nep-ent New Economics Papers
on Entrepreneurship
Issue of 2011‒11‒28
seven papers chosen by
Marcus Dejardin
Notre-Dame de la Paix University

  1. Transitions to Entrepreneurship and Industry-Specific Barriers By Lofstrom, Magnus; Bates, Timothy; Parker, Simon C.
  2. Innovation, Spillovers and Venture Capital Contracts By Dessi, Roberta
  3. The Employment Dynamics of Less Educated Men in the United States: The Role of Self-Employment By Taehyun Ahn
  4. Public Procurement and Rent-Seeking: The Case of Paraguay By Auriol, Emmanuelle; Flochel, Thomas; Straub, Stéphane
  5. Impact of the Global Economic Crisis on Taipei,China’s Industrial Structure and Firm Activity By Hou, Jack W.
  6. Informal Sector and Economic Growth: The Supply of Credit Channel By Massenot, Baptiste; Straub, Stéphane

  1. By: Lofstrom, Magnus (Public Policy Institute of California); Bates, Timothy (Wayne State University, Detroit); Parker, Simon C. (University of Western Ontario)
    Abstract: Drivers of entrepreneurial entry are investigated in this study by examining how entry into small-business ownership is shaped by industry-specific constraints. The human- and financial-capital endowments of potential entrepreneurs entering firms in various industries are shown to differ profoundly, depending on the type of venture entered. The educational credentials of highly educated potential entrepreneurs, in particular, predict avoidance of small-firm ownership in some industries as well as attraction to others. Recognizing that individuals choose an industry sector jointly with their decision to enter entrepreneurship, we find that the conventional practice of conflating different industry types in empirical analyses of transitions to entrepreneurship generates misleading findings about the determinants of entrepreneurship.
    Keywords: entrepreneurship, self-employment, capital constraints, transitions, entry barriers, business start-ups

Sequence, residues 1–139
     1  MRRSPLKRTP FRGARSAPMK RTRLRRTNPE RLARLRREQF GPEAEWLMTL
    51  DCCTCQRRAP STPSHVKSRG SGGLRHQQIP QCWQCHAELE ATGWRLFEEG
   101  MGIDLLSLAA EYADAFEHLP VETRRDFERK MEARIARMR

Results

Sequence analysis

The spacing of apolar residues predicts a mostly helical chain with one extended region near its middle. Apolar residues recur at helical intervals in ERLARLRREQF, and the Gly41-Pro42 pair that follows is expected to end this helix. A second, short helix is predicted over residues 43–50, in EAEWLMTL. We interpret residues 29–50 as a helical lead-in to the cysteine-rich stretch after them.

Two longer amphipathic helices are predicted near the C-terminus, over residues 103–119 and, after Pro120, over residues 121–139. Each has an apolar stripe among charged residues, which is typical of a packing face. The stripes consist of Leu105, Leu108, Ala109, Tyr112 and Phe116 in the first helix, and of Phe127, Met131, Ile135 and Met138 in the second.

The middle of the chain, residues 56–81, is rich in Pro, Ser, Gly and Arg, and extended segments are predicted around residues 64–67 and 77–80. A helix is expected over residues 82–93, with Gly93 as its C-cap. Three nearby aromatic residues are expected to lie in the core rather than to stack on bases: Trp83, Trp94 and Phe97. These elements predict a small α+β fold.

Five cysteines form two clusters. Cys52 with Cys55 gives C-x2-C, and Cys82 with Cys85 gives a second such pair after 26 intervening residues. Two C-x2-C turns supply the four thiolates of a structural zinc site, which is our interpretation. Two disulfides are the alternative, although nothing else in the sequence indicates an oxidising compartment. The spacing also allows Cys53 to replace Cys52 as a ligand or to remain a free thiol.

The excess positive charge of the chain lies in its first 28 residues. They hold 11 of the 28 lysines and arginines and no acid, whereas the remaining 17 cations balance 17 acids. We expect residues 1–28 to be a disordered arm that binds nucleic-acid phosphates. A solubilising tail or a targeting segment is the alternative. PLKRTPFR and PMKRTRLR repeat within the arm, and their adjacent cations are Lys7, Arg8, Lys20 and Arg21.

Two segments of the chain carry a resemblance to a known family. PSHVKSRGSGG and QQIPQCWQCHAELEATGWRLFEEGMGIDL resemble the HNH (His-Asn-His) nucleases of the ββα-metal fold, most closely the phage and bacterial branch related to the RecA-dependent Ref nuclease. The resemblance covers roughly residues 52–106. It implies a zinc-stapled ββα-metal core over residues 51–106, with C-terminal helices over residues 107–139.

JEL: J24 L26 M13
    Date: 2011–11
  2. By: Dessi, Roberta (IDEI, Toulouse School of Economics)
    Abstract: Innovative start-ups and venture capitalists are highly clustered, benefiting from localized spillovers: Silicon Valley is perhaps the best example. There is also substantial geographical variation in venture capital contracts: California contracts are more "incomplete". This paper proposes an economic explanation for these observations, often attributed to regional cultural differences. In the presence of significant spillovers, it becomes optimal for an innovative start-up and its financier to adopt contracts with fewer contingencies: these contracts maximize their ability to extract (part of) the surplus they generate through positive spillovers. This relaxes ex-ante financing constraints and makes it possible to induce higher innovative effort.
    JEL: D82 D86 G24 L22
    Date: 2011–09–13
  3. By: Taehyun Ahn (Department of Economics, Sogang University, Seoul)
    Abstract: Using data from the 1979 National Longitudinal Survey of Youth, I construct a sample of less educated men, all of whom are observed from age 22 to age 41, and examine the employment dynamics with a particular focus on the role of self-employment. I find that ¡°ever self-employed¡± workers tend to spend less time in nonemployment after they experience self-employment. The results from my dynamic logit model confirm the positive aspects of self-employment by indicating that men who were self-employed in the previous year are less likely than those who were paid workers to be nonemployed in the next year.
    Keywords: self-employment; less educated men
    JEL: J20 J60
    Date: 2011